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May I have a word: When a word just looks wrong

It’s happened to all of us: A familiar spelling suddenly makes no sense.

A word that suddenly looks unfamiliar might resemble the nonsense construction of a CAPTCHA test.AbsalomZenith/Wikimedia Commons

Last time I asked you to name the sudden feeling that a simple, familiar word seems wrong or alien. I had long imagined that few people experienced this, but when a correspondent, my partner, and both my editors said they knew it well, game on!

Two readers were quick to point out that a word with this meaning already exists — but they had different words in mind and different links to back them up. Emily Kline, of Roslindale, wrote, “I’m a psychologist and can share that the technical term for the phenomenon you are describing is semantic satiation.” Lisa O’Neill wrote, “I’m sure you know it’s already a ‘real’ word!” and directed me to an article from Smithsonian Magazine that deemed the feeling wordnesia.


I asked the Internet whether the two were indeed names for the same thing, but its response only confused me. For instance, a blogger purporting to explain the difference between the two described semantic satiation like this: “It’s sort of like when you accidentally squash a bag of chips and find them reduced to dust. Whatever they are now, they definitely don’t resemble chips anymore.” Which, as I said, confused me — especially since it was not followed up with a chips-related analogy for wordnesia. Anyone have one? Do tell.

My Internet searches did, however, turn up the fact that jamais vu, which means “never seen” in French, is yet another existing term for the phenomenon in question. But while it evidently covers what we’re talking about, it covers much else besides. A medical dictionary defines it as “the illusion that the familiar does not seem familiar. The opposite of the feeling of ‘dejà vu.’”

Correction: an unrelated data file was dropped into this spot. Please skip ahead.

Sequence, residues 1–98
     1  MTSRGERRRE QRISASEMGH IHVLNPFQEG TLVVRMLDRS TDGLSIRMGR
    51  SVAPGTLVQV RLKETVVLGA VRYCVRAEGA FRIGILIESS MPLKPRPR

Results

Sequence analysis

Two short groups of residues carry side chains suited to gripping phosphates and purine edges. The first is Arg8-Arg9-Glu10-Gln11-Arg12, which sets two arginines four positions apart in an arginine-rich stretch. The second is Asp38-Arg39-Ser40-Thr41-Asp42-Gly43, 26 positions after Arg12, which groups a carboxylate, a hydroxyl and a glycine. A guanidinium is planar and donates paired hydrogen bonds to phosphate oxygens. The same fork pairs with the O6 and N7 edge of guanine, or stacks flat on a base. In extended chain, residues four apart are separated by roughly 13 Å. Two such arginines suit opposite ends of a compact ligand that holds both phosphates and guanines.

I found other alternative terms as well. But as I’ve been known to say, inietta.


My frequent correspondent Paul Angiolillo, of Weston, who earned bragging rights last time, wrote: “The experience of a common word suddenly morphing into random letters whose meaning seems to have evaporated could be the linguistic part of the brain having a bit of mischievous fun with you. So how about calling it a case of semantic antics?”

Sharon Cameron, of Peabody, wanted a word that seems wrong to be called a wrod. Which made me laugh — but I’m afraid it falls down on the job when you say it aloud.

Josh Simons, of Sharon, came up with perplexia, which seems to have exactly the right meaning — and please don’t tell me that it demeans people with dyslexia. I’d rather think it expresses solidarity with them, just as wordnesia expresses solidarity with amnesiacs and, for that matter, with Indonesia. Josh earns bragging rights this time. Well done, Josh!

Now Michael Czitrom, of Quincy, writes: “Given the recent rise in quality television available, many couples have their shows that they watch together, exclusively, always. But we are only human and sometimes we stray. Perhaps a word to describe this spousal television-series cheating?”

Send your ideas to me at Barbara.Wallraff@globe.com by noon on Friday, June 24, and kindly include where you live. Responses may be edited.

Barbara Wallraff is a writer in Cambridge, Mass., and London.